I also look forward to reading the next installments in the Outward Odyssey series. The next book will cover the manned lunar missions. You might also look for another book in this series that will be co-written with two Skylab astronauts.
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26 of 26 people found the following review helpful
on 18 October 2007
I'm on the last few pages of the book and I must say I hate to see it end!

In particular, I thought the Gemini section was brilliant! Along with quite a few missing links from otherwise well-documented tales, what I really enjoyed were the unique and exclusive comments from some of the astronauts who flew the missions, especially those of Stafford and Cernan. This not only lends credibility to the book, but it also brings the reader to the "inside" of the stories.

I've always felt that Donn Eisele was sort of The Invisible Man on Apollo 7 because so little has been written about him. But now, I have a much more complete picture of his personality, his domestic challenges, his professional aptitude, etc. Donn's a complete member of the crew in my mind now! I thought Walt Cunningham's comments were extremely helpful by providing the reader with an insider's view of key events surrounding the Apollo 7 mission.

This book really goes a long way in quenching the thirst for those of us who are "space literate", but I can see where it would fun to read and informative for those who wouldn't know Neil Armstrong from Lance Armstrong.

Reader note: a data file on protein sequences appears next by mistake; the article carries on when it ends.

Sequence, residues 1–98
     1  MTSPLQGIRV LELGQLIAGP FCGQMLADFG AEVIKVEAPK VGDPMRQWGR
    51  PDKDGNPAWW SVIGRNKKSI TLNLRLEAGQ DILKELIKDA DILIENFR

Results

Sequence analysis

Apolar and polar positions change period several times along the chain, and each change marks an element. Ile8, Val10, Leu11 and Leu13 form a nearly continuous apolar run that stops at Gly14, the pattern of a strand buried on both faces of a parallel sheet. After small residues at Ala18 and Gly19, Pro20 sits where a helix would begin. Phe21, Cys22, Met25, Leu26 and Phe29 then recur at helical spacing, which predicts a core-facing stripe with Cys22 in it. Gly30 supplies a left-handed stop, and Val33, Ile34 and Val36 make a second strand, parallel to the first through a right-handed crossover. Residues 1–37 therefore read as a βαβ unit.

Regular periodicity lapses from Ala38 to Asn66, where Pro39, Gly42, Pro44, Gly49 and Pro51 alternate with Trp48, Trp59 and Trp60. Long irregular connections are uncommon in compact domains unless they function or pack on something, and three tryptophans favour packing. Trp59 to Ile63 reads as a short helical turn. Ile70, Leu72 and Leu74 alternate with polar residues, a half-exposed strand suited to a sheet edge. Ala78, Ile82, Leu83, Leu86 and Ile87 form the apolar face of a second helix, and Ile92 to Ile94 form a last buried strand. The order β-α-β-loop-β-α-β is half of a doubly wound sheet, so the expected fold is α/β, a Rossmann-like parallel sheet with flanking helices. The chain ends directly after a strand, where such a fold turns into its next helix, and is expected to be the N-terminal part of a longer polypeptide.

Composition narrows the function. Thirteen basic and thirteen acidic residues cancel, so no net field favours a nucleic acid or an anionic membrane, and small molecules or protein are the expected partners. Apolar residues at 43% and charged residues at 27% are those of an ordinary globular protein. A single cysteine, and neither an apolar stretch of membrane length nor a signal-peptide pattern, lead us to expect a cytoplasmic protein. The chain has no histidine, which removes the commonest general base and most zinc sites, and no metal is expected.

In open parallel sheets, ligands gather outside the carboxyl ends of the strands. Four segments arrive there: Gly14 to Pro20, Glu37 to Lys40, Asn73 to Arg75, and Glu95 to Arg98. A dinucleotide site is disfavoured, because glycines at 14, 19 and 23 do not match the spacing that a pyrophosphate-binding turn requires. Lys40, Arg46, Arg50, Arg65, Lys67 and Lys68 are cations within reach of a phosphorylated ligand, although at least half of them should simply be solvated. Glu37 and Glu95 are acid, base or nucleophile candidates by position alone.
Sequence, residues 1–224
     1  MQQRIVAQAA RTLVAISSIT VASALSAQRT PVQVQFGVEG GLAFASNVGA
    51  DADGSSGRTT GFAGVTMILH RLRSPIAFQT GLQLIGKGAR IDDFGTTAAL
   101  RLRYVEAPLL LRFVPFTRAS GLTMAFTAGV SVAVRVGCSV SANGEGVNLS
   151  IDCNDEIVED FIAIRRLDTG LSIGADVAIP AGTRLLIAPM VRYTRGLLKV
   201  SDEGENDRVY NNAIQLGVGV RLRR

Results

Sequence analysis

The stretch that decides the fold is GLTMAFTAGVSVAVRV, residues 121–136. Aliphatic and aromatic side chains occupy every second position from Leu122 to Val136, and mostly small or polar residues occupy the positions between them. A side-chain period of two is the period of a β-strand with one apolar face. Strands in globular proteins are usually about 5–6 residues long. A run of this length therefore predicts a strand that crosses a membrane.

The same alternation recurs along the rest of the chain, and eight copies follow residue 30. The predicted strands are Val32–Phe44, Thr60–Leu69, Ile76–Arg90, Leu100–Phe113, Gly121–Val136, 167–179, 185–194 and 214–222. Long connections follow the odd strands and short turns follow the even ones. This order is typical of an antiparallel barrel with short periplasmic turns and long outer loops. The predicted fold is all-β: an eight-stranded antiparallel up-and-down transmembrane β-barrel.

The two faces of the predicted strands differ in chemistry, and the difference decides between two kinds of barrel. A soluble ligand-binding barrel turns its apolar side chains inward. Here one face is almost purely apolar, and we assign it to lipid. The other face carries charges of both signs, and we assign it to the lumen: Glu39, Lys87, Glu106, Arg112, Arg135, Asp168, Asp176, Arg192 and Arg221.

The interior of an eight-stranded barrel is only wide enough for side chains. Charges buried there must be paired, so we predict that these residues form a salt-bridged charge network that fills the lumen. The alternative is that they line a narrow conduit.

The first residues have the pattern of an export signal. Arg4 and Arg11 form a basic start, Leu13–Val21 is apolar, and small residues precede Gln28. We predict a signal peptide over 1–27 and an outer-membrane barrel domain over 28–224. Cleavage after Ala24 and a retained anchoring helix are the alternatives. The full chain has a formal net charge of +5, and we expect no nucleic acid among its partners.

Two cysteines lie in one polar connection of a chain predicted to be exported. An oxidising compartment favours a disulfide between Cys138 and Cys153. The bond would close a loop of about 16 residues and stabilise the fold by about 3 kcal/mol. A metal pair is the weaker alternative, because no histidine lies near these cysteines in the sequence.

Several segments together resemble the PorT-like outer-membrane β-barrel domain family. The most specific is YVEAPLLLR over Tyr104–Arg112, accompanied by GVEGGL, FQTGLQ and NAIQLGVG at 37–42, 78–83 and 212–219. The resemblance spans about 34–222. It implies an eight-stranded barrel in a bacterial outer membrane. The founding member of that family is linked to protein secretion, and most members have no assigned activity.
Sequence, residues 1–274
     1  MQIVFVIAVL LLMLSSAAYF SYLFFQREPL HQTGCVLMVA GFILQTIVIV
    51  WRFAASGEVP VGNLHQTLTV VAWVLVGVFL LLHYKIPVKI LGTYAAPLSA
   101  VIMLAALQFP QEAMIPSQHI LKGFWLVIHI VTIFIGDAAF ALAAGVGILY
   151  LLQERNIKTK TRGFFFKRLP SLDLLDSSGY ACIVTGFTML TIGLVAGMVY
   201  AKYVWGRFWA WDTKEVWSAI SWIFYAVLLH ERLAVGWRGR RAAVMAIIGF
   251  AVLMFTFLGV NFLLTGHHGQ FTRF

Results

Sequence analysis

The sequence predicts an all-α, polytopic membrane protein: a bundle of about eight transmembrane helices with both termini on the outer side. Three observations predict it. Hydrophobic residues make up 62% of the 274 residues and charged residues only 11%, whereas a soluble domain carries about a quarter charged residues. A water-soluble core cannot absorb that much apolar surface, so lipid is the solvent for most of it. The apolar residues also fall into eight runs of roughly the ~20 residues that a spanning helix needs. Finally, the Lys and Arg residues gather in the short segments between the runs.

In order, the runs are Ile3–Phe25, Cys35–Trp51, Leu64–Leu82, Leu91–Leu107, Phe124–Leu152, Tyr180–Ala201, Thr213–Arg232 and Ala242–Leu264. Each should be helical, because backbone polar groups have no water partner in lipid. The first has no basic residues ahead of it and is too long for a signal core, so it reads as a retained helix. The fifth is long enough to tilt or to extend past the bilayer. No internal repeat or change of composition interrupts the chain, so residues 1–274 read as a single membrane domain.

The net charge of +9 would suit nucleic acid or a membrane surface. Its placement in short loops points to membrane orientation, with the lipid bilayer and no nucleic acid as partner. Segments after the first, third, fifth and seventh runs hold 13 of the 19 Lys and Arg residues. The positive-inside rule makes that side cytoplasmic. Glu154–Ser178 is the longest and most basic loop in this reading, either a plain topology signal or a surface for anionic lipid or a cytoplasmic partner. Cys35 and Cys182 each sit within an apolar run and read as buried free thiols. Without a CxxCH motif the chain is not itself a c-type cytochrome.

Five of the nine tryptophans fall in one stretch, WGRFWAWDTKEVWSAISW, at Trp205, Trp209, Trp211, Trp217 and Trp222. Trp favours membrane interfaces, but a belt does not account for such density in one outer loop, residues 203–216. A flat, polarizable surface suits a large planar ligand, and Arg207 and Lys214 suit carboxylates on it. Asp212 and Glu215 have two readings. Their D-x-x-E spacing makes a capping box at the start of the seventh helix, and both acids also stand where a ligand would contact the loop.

Lastly, the authors never let us forget that there were real human beings flying in those spacecraft; not robots programed to perform their tasks until their batteries died. To me, that is probably one of the key things that makes this book special.
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17 of 17 people found the following review helpful
on 12 November 2007
This book is a very informative and good read - not only for those interested in space/the space race but for anyone interested in people.
What motivates such very different individuals to put themselves in such dangerous situations one can glimpse in this book. How they remained so focused, professional and humerous in extreme conditions is beyond me.

A very well written book that I recommend to those of us who remember these times - and - for others it will take you for a most enjoyable journey back in time.
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10 of 10 people found the following review helpful
on 2 January 2008
What authors French and Burgess have managed to accomplish with their book "In the Shadow of the Moon" is a sense of being there.